coronavirus:-broadcom-said-to-be-bringing-employees-back-to-work-on-april-27

As the debate over when California will reopen and businesses can start to get back up and running amid the coronavirus crisis gains more steam, San Jose-based communications technology company Broadcom appears to be planning to call some employees back to the office starting Monday.

According to a company email, the text of which was obtained by this news organization, Broadcom has told its employees to start returning to work at its offices beginning April 27 on a staggered, split-shift approach. Broadcom has divided its North American workforce into four groups, and intends to have one group working for a week at a time at its company facilities. The groups will rotate, with each group working one week in the office, and then three weeks at home, so as to cut down on the number of employees working together at a given time.

“This will allow us to achieve the best balance of our responsibilities to protect our employees, while also meeting our customers’ and community’s needs,” Broadcom said in its email to its employees. “Capping headcount at (around) 25% may not yield the same level of productivity that a full return by the workforce to the office would, this phased, floor-plan based approach has been done to maximize worker safety while on-site.”

Broadcom said it was bringing employees back to their workplaces because the company was part of the “the essential critical infrastructure workforce.” Broadcom makes semiconductors and software for communications devices such as Apple’s line of iPhones. The company had about 19,000 employees worldwide at the end of 2019.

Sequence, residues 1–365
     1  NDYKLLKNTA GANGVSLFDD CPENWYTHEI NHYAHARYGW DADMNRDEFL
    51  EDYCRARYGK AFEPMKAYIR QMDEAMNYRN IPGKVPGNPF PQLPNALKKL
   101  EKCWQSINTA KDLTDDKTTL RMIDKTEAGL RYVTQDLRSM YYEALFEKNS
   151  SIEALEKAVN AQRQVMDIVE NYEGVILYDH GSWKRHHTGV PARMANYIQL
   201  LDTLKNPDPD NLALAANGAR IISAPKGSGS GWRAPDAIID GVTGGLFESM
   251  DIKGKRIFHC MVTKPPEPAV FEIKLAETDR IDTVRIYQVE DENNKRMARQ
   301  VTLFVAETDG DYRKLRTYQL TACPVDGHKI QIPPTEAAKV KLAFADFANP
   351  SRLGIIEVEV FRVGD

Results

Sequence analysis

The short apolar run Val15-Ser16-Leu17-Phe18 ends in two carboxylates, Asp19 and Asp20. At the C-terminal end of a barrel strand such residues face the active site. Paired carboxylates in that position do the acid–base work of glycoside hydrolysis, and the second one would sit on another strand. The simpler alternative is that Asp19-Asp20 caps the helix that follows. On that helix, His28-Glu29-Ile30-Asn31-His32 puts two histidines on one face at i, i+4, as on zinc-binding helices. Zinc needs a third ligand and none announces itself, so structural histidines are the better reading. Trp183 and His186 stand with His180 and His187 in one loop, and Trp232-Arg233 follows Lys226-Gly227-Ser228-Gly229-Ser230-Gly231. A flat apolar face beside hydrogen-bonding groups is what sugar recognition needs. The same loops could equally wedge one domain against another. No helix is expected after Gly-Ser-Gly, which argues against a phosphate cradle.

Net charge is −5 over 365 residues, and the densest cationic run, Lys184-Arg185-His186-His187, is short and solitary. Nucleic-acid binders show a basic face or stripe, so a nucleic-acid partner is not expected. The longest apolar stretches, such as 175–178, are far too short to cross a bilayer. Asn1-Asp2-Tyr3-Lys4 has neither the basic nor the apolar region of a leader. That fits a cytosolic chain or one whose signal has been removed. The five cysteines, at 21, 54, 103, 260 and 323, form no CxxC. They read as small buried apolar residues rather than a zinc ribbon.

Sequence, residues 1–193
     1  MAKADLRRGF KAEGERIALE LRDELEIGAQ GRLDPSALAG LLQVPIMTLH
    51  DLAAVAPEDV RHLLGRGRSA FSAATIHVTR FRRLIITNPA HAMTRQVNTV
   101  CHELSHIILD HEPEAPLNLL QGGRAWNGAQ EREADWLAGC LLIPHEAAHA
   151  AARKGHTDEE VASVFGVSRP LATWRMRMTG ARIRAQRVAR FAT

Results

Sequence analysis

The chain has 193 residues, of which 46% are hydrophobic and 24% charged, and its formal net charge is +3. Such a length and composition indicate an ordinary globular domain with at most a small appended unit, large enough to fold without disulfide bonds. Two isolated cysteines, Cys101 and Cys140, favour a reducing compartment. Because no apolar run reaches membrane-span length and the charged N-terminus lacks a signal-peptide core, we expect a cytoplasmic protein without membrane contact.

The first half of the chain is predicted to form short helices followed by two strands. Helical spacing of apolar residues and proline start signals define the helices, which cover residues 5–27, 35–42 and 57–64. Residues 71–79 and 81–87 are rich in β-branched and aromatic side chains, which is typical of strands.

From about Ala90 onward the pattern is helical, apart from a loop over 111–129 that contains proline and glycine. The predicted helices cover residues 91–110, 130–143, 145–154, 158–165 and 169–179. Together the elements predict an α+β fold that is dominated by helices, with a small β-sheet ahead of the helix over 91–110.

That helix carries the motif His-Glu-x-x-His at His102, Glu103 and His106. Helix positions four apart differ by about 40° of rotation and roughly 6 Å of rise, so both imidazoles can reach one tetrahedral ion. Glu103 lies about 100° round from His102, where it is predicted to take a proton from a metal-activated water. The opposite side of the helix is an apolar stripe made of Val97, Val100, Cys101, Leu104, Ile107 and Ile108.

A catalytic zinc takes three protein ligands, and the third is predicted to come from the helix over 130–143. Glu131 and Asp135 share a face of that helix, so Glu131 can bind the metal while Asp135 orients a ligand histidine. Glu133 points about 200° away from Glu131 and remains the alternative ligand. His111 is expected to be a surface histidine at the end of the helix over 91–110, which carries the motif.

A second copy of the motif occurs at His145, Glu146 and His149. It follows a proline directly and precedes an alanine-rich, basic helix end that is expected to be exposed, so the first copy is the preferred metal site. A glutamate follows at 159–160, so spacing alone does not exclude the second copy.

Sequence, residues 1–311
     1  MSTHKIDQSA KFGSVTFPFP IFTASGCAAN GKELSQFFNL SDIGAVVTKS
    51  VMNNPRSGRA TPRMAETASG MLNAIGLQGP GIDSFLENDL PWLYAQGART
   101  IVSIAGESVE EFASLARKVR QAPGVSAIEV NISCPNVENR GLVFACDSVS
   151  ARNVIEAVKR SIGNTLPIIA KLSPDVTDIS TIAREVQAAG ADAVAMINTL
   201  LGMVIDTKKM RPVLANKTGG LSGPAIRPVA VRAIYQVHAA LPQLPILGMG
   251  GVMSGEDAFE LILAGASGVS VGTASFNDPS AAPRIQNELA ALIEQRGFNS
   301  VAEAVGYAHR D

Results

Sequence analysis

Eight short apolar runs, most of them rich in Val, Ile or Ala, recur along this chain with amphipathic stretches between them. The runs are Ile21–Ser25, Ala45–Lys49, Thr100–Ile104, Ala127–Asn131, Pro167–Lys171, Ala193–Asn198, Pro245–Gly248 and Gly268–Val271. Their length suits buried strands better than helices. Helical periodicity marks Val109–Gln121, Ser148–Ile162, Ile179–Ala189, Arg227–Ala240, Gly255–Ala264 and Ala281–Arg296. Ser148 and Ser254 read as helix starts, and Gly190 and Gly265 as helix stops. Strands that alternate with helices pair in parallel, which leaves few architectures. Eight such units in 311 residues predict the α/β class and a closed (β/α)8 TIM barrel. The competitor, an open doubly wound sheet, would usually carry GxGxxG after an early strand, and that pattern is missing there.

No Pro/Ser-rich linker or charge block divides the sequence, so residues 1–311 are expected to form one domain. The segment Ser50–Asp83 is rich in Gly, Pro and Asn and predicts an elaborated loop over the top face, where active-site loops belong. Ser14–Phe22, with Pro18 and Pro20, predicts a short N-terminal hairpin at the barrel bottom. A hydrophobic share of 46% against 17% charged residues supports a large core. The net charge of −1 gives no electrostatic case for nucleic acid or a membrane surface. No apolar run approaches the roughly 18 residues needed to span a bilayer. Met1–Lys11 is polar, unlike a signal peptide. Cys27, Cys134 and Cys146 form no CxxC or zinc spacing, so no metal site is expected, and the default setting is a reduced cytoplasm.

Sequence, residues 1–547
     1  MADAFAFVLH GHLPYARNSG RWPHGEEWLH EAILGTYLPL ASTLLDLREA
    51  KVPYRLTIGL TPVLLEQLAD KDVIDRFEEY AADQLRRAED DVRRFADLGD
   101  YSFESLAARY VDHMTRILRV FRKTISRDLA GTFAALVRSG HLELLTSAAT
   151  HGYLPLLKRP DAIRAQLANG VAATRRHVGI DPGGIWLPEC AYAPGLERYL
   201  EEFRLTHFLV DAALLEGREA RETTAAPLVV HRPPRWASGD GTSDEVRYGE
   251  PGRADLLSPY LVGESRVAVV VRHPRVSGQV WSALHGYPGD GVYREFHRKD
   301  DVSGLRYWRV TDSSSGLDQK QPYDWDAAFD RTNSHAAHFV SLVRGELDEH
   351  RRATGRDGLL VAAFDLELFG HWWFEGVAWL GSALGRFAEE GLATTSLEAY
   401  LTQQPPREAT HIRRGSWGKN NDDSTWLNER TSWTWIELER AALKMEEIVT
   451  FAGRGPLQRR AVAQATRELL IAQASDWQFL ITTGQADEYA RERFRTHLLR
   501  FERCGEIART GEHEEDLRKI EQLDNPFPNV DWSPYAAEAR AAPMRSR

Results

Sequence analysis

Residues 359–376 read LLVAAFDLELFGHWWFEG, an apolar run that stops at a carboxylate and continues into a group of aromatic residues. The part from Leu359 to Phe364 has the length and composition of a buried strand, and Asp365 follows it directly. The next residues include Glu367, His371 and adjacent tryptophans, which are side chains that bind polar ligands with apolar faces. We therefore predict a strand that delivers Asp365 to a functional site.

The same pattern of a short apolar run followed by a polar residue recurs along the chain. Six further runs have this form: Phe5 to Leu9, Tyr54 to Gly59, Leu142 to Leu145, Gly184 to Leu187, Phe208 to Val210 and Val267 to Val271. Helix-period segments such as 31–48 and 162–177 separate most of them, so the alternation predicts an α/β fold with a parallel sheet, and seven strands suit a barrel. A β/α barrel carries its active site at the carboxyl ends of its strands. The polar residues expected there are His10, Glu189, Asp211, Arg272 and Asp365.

Neither Broadcom, nor the Santa Clara County Public Health Department immediately returned a request for comment.

On March 16, Santa Clara County, and several other Bay Area counties, enacted shelter-in-place orders that required all but essential businesses in the region to close, and have employees work remotely as part of the effort to slow down the spread of coronavirus. Essential businesses included grocery stores, pharmacies, medical facilities and restaurants the could offer takeout or food delivery services. Gov. Gavin Newsom soon extended the order to all of California, and is now scheduled to remain in effect until May 3.

However, as California reported its deadliest day yet since the coronavirus outbreak began, with 117 fatalities statewide on Wednesday, including 20 deaths in the Bay Area, there is speculation that the shelter-in-place rules may be extended for several more weeks. Newsom has said that he wants California to eventually be able to conduct between 60,000 and 80,000 daily tests for coronavirus as one of the conditions of reopening the state.

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By Arlene Huff

Arlene Huff is the founding member of Golden State Online. Before that She was a general assignment reporter. A native Californian, she graduated from the University of California with a degree in medical anthropology and global health. She currently lives in Los Angeles.

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